The deep divisions in Germany’s Republican camp facilitated Hindenburg’s spectacular capture of the Presidency in 1919. Campaigning for stable government, constitutional reform and anti-Marxism the old General was able to capture support from wide sections of Germany’s political spectrum. In the first round of the election a minority of the FVP had rejected the calls of the leadership to support the Centrist candidate Wilhelm Marx – blaming alliance with the DZP for the collapse in the party’s relationship with the Socialists – and instead voted for Crispien whilst some had abstained. Far more importantly, the right wing of the Centre Party launched a dramatic rebellion under the leadership of blue-blooded Westphalian Franz von Papen 35 Centrist Reichstag members voted for Paul von Hindenburg in the first round of voting, instead of their party’s own candidate. With the DAP lining up behind Julian Drexler, in the first round Hindenburg could rely on the support of the DNVP as well as around half of the DDP – with a large number of Liberals rebelling against their leadership’s calls for a vote for Hindenburg as a means of defeating the left.
With Hindenburg and Crispien passing through to the second round of voting, the Socialist candidate portrayed himself as the democratic and Republican antithesis to Hindenburg’s authoritarian monarchism. By beating the drum of Republican unity Crispien was able to amass most of the FVP and much of the DZP (Wilhelm Marx publically supporting him in the second round). However, Hindenburg drew the support of virtually all of the DAP (Drexler’s calls for right wing unity against the left drowning out Hitler’s belief in an abstention in the second round) and DDP (with small numbers abstaining) and a slightly larger number of Centrists as he rallied a broad base of opinion behind himself, many favouring an authoritarian President to a Socialist.
Hindenburg’s victory represented a disaster for Republican democracy in Germany. Soon after his victory he dismissed the FVP-DZP government and appointed Gustav Stresemann of the DNVP as Chancellor in a government featuring the DDP and DZP (the Centre Party, as ever, propping up the government in the name of stability) and tolerated by the DAP, whose Julian Drexler saw the regime as favourable to the Republican alternative. Germany now had a monarchist Chancellor with a sympathetic President. Stresemann quickly became the architect of a legalistic path for Germany to reform its political institutions, potentially restoring the monarchy but at the very least creating a strong Presidential Republic. With the monarchists in the new government (including those within the DZP associated with von Papen) in balance with Republicans, constitutional reform would be difficult navigate – in the end Stresemann secured the promise of a referendum alongside the coming legislative elections in one years’ time, the German people would be given the opportunity to vote on whether to give President Hindenburg full powers to write a new draft constitution that would then be presented to the newly elected Reichstag.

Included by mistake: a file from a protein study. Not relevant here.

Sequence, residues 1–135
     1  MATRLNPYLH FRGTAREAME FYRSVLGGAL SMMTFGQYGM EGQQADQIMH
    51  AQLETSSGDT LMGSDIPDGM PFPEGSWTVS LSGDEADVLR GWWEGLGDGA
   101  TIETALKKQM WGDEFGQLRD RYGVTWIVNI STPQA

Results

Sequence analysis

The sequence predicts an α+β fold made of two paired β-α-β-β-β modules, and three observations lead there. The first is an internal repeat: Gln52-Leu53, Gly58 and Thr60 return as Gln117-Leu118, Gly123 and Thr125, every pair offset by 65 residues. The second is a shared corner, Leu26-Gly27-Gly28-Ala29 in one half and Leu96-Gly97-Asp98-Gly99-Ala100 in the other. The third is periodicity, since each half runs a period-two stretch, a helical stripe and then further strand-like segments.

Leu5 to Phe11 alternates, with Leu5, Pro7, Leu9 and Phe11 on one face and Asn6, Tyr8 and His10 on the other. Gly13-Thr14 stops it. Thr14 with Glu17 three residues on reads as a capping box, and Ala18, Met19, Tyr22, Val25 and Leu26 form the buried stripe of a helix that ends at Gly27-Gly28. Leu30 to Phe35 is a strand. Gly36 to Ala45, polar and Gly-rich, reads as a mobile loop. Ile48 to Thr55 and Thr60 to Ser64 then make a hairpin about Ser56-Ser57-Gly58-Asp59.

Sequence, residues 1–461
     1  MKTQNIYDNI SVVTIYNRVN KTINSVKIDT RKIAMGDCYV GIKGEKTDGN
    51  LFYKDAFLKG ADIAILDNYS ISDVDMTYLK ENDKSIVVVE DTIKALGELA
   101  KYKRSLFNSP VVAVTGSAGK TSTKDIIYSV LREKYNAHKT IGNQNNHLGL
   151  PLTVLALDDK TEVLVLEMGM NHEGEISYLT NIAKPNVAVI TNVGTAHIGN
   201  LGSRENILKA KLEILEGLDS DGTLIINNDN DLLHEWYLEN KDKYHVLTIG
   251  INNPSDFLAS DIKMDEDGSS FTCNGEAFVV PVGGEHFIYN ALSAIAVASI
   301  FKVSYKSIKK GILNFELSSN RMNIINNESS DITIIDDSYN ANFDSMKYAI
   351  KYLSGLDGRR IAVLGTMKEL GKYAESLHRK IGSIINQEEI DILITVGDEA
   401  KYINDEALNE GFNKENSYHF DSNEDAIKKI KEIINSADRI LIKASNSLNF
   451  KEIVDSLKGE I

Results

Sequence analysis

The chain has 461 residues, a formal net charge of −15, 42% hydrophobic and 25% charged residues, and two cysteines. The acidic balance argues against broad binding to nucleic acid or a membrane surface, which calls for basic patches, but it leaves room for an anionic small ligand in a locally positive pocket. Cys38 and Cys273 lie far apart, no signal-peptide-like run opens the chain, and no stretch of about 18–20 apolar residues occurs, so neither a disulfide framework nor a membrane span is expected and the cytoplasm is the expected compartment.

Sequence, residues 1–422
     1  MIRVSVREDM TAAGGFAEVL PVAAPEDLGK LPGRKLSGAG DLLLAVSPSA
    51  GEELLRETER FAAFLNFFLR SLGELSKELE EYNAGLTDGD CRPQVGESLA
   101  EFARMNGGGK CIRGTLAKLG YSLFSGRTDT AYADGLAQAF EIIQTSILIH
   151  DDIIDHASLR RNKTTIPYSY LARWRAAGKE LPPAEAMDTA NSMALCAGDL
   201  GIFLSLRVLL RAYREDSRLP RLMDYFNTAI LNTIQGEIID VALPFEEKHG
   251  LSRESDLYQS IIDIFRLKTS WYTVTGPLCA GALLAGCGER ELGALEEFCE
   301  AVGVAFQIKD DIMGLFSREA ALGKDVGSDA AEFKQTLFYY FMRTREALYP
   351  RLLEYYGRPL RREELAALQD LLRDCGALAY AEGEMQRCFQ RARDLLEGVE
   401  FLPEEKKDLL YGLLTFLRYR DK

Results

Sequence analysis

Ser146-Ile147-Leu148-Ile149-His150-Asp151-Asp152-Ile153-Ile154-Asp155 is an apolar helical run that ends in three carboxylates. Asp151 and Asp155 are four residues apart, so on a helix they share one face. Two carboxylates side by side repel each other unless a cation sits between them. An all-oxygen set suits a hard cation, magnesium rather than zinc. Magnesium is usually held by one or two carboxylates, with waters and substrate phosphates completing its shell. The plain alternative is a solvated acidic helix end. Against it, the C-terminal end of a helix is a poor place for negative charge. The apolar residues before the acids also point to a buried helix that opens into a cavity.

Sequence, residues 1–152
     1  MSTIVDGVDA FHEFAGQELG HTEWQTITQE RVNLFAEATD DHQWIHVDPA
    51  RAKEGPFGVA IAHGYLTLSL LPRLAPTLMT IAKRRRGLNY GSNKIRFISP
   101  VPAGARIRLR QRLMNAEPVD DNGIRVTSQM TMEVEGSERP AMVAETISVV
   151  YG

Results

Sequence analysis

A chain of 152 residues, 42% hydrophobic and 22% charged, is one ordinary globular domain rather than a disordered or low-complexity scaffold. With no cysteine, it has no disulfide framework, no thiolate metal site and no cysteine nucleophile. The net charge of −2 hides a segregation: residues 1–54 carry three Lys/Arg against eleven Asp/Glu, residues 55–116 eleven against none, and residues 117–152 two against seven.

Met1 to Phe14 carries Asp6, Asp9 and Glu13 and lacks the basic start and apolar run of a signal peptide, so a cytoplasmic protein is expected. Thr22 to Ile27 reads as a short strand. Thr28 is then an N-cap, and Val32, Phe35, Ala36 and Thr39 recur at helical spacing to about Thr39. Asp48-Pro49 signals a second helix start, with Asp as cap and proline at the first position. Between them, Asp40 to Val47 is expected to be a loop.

Having lost power for the first time in 14 years the Republican Left was shattered and despondent. With the Weimar Republic that they had helped form and so cherished now under grave threat both the FVP and SED entered into a period of internal discord as different factions looked to find who was to blame for the rise of Hindenburg. In the FVP, Adam Stegerwald, who had dominated the party since the War, came under heavy criticism with many considering removing him from the leadership. However, taking personal responsibility for the collapse of the unity of German Republicanism and promising to defeat the Anti-Republican Right in the coming elections he retained his position as leader. Arthur Crispien of the SED was not so lucky, with his confrontational politics being blamed for causing wavering deputies to either abstain or support Hindenburg the party’s first leader was replaced with a man from the party’s right – Philipp Scheidemann. Calling for a renewal of the historic alliance between Populism and Socialism, Scheidemann was able to restore the alliance between the two parties as his ascension to the leadership was cheerily greeted by the FVP.
As the 1920 elections drew ever closer Germany appeared more polarised than ever between the supporters of the Weimar Republic and those who wished to call all its existing institutions into question.